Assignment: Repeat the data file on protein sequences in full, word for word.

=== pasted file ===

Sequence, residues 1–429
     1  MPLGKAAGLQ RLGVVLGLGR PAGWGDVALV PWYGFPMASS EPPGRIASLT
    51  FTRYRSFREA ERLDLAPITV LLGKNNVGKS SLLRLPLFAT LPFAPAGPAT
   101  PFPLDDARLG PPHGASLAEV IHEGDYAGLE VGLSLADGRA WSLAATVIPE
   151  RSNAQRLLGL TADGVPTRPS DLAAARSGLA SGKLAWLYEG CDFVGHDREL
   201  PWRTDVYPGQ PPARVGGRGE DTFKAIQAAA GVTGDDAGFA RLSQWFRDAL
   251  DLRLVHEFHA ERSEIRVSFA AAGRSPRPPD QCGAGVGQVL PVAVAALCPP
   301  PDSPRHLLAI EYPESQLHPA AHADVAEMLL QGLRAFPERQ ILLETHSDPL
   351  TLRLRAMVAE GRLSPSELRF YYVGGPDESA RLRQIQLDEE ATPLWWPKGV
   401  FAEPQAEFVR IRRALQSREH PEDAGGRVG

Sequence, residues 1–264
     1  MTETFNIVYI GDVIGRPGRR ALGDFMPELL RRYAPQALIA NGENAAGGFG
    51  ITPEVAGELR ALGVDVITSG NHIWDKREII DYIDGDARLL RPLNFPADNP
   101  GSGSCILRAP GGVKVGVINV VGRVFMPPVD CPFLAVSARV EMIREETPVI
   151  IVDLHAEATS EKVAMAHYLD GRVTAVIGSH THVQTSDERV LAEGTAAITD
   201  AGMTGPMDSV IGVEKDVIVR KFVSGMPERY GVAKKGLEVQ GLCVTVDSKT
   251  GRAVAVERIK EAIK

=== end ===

Sequence, residues 1–429
     1  MPLGKAAGLQ RLGVVLGLGR PAGWGDVALV PWYGFPMASS EPPGRIASLT
    51  FTRYRSFREA ERLDLAPITV LLGKNNVGKS SLLRLPLFAT LPFAPAGPAT
   101  PFPLDDARLG PPHGASLAEV IHEGDYAGLE VGLSLADGRA WSLAATVIPE
   151  RSNAQRLLGL TADGVPTRPS DLAAARSGLA SGKLAWLYEG CDFVGHDREL
   201  PWRTDVYPGQ PPARVGGRGE DTFKAIQAAA GVTGDDAGFA RLSQWFRDAL
   251  DLRLVHEFHA ERSEIRVSFA AAGRSPRPPD QCGAGVGQVL PVAVAALCPP
   301  PDSPRHLLAI EYPESQLHPA AHADVAEMLL QGLRAFPERQ ILLETHSDPL
   351  TLRLRAMVAE GRLSPSELRF YYVGGPDESA RLRQIQLDEE ATPLWWPKGV
   401  FAEPQAEFVR IRRALQSREH PEDAGGRVG

Sequence, residues 1–264
     1  MTETFNIVYI GDVIGRPGRR ALGDFMPELL RRYAPQALIA NGENAAGGFG
    51  ITPEVAGELR ALGVDVITSG NHIWDKREII DYIDGDARLL RPLNFPADNP
   101  GSGSCILRAP GGVKVGVINV VGRVFMPPVD CPFLAVSARV EMIREETPVI
   151  IVDLHAEATS EKVAMAHYLD GRVTAVIGSH THVQTSDERV LAEGTAAITD
   201  AGMTGPMDSV IGVEKDVIVR KFVSGMPERY GVAKKGLEVQ GLCVTVDSKT
   251  GRAVAVERIK EAIK